Cryptocurrency margin trading for beginners - meaning and examples

Cryptocurrency margin trading for beginners - meaning and examples

So, maybe you’ve learned the basics of crypto trading, and you’ve even gotten pretty good at it! If you don’t have an enormous bankroll at your disposal, then you may be wondering where to get capital for trading.

There’s actually a process in place for that, and it’s called cryptocurrency margin trading. In this article, we’ll go over everything you need to know to begin trading on margin. We’ll also go over the dangers of it and what you need to know to protect yourself.


What is cryptocurrency margin trading?

Ever spot a really good trading opportunity that you wish you could jump but you just don’t have the capital to do it? Fortunately, margin trading can fill this need for you. When you buy cryptocurrencies on margin you are borrowing that money from the exchange in order to do so.

This allows investors to have a lot more options and a lot more opportunities to make profits, but it also comes with a substantial amount of risk that you should not take lightly.


How does crypto margin trading work?

When you trade on margin with an exchange you are taking out a loan. Sometimes this is from the exchange itself, but in some cases, you could also be borrowing your capital from other investors.

In either case, you’ll be expected to pay back this loan with interest. That means that you need to calculate your trades carefully to make sure your profits will cover everything and still leave you with something for yourself.

Investors should keep in mind that they likely won’t be able to walk into a margin trade with nothing to offer. Most exchanges will require a minimum deposit to participate, and they will have different leveraging options which you can use to take advantage of this deposit and increase the dollar value of your trades.


Leverage explained

Leverage refers to the buying power you are granted by the exchange or broker. For example, you could put down $25 with a 4:1 leverage. You can then borrow $75 from the exchange, and then you’d be allowed to purchase $100 in cryptocurrency coins or tokens using that money. The exchange doesn’t really care what you do with the loan, but they will expect you to pay it all back to them, with interest.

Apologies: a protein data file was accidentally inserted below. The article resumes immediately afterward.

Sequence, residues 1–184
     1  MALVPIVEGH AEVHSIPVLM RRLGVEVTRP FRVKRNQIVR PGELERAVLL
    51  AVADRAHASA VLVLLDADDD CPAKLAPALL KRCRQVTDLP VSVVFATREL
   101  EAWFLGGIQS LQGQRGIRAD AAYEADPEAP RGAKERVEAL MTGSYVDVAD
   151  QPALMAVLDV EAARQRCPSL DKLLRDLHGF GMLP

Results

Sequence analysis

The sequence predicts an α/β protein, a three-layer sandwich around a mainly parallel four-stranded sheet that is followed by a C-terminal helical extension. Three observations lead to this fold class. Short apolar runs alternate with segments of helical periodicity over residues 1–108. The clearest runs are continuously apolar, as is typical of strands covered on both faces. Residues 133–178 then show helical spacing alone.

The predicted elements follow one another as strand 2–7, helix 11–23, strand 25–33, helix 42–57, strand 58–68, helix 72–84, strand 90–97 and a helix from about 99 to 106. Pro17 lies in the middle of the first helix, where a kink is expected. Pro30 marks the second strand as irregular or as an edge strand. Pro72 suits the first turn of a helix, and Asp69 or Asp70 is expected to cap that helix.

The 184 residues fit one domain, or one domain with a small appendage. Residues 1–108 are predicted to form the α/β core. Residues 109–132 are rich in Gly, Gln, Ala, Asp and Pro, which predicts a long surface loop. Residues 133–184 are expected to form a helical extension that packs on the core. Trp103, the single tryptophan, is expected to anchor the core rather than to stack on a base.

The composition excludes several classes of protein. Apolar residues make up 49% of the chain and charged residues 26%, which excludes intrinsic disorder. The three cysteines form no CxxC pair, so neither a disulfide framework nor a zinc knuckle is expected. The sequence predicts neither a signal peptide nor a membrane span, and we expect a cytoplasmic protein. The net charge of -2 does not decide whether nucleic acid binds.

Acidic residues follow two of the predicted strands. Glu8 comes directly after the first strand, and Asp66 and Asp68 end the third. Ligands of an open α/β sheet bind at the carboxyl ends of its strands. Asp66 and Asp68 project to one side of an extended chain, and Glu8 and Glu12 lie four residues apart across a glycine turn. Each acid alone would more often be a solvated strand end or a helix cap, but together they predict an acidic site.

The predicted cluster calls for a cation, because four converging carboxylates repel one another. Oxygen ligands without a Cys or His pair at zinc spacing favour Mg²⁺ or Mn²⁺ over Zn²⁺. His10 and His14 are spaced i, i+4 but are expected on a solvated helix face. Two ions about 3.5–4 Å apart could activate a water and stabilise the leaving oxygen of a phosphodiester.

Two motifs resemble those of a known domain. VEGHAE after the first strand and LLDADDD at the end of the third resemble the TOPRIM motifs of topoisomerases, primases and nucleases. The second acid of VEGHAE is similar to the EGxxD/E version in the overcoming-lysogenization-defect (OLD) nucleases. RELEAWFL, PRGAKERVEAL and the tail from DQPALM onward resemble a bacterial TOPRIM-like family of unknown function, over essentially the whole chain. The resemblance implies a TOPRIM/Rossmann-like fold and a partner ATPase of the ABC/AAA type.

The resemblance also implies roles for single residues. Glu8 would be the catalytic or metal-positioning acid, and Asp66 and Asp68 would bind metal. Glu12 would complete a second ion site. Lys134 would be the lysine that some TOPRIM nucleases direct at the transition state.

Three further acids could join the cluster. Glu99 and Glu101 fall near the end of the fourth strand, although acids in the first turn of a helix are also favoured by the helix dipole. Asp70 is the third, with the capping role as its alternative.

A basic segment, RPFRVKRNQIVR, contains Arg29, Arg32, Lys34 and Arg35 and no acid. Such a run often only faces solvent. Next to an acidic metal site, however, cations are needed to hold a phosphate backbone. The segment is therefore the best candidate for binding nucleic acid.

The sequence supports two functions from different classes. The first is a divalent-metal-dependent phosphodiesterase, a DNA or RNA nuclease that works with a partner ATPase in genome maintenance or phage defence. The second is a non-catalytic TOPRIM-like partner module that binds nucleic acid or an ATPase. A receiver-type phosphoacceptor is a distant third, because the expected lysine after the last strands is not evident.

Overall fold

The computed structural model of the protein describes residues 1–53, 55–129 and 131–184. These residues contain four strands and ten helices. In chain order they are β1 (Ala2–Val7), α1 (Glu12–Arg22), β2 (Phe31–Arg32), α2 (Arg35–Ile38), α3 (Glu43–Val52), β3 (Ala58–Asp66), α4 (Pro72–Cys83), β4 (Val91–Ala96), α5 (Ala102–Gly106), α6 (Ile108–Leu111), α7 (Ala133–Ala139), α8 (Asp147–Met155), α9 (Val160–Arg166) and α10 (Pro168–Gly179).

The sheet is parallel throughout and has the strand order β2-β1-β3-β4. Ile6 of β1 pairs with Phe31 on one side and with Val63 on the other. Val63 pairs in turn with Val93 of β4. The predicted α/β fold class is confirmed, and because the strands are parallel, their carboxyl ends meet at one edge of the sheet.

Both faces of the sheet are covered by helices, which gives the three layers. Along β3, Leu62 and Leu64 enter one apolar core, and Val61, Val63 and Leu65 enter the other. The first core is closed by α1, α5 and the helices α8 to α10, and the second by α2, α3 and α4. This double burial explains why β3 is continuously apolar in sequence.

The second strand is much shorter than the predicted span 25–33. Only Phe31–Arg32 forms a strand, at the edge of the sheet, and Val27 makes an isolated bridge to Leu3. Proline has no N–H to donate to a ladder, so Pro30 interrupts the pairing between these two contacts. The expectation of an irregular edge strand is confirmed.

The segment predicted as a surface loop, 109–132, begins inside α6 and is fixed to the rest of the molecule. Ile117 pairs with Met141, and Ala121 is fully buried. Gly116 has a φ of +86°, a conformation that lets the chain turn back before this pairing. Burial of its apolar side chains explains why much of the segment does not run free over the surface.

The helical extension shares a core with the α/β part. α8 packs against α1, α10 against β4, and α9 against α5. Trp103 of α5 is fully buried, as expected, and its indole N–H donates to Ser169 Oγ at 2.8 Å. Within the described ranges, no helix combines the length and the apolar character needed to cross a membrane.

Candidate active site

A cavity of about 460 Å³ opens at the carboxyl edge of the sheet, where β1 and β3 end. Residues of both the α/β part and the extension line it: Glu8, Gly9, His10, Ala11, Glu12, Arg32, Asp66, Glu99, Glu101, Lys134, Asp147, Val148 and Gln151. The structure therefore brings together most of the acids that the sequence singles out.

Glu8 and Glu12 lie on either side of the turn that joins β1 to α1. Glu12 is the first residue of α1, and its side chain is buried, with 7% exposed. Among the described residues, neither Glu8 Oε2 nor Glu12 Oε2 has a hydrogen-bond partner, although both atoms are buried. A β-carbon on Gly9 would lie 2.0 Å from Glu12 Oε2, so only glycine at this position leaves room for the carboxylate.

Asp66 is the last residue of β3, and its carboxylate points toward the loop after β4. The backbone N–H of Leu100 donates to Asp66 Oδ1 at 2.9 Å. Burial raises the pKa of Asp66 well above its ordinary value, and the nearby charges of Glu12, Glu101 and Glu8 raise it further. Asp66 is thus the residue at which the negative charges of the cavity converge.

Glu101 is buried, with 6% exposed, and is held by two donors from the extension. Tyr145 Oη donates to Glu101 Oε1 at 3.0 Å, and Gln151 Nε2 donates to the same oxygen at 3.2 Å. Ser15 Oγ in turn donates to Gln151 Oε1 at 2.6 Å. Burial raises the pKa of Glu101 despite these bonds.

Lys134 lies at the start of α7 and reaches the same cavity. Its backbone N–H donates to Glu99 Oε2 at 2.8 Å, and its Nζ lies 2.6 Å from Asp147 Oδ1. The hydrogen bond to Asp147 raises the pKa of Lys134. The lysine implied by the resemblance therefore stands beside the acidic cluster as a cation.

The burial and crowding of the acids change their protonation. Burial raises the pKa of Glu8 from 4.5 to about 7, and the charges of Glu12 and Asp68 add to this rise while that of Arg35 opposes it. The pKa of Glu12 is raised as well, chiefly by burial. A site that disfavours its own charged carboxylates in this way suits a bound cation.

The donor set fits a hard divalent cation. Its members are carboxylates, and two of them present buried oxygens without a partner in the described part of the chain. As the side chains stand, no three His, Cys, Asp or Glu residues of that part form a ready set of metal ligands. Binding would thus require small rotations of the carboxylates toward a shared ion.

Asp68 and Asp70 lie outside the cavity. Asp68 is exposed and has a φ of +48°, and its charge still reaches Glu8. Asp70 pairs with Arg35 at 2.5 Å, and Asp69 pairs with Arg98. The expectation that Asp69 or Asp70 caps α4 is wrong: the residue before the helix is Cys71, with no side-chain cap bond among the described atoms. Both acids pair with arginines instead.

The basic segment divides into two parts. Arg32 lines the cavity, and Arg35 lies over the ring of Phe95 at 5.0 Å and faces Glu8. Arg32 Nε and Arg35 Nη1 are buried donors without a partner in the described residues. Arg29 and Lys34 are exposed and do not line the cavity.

Liquidation price explained

When you are trading on margin, the crypto exchange will be watching your account. They have an interest in your money, and they can’t allow you to lose everything. So, if your investment falls below a specified amount you will receive a margin call.

In some cases, this will be set as a percentage of your total investment, but in others, a ‘liquidation price’ will be set, and if the asset you’re trading falls below this price your assets will be liquidated. This could leave you either at a loss or scrambling to put in additional collateral to avoid the liquidation.


Example of cryptocurrency margin trading

Jimmy believes that Ethereum will be going up in value soon. Unfortunately, he doesn’t have enough free cash to make the kind of investment that he really wants. Instead, he goes to a cryptocurrency exchange that allows margin trading. He puts down $25 at 4:1 leverage. The exchange allows him to borrow an additional $75, and he invests $100 in Ethereum.

It seems that he was right about his play, and the price of Ethereum goes up. Jimmy makes a big enough profit to pay back his loan and the interest, and he still has some profit leftover to make more trades or build up his capital.

Of course, these trades can go wrong too, so always be prepared for that potential scenario as well. If the price of Ethereum was to go down significantly, then Jimmy’s story would’ve played out differently. His position would have been liquidated, and he would be forced to sell at a loss. He would make no profit, and he’d owe back his losses plus interest to the lender.


Is margin trading a good idea?

If you are experienced enough, then trading cryptocurrency on margin can be a valuable tool to increase your positions. If you don’t know what you’re doing though, then watch out. Trading on margin is an easy way to get yourself into debt. Make sure you’ve got a good deal of experience under your belt performing cash trades before you try to trade on margin.


Why margin trading crypto is dangerous?

Margin trading in traditional finance markets is already dangerous, but with cryptocurrency, it can be even worse. Cryptocurrencies are extremely volatile, and it’s easy to lose a lot of money very quickly. When trading on margin it’s important to never bet too much money on one trade as that could have disastrous consequences.


Margin vs short trading

Margin traders are looking to purchase assets which they think will go up in value. With short trading investors are looking to bet against assets that they think will go down in value. Both are done on credit from the exchange but with different goals in mind.


Margin vs cash trading

Dealing with cash is much safer than trading on margin. When trading with your own cash balance you won’t be accruing interest, and there’s no risk of a margin call that could ruin your day. However, with margin you have access to more capital, and if you’re pretty sure of your investments, then taking a loan from the exchange to further capitalize on it could be a good play.


Is there a working margin trading bot for cryptocurrency?

Due to the way that margin trading works, there does not seem to be a bot which will allow you to trade using margin yet. This has to do with the way that you close positions that makes it more difficult to automate.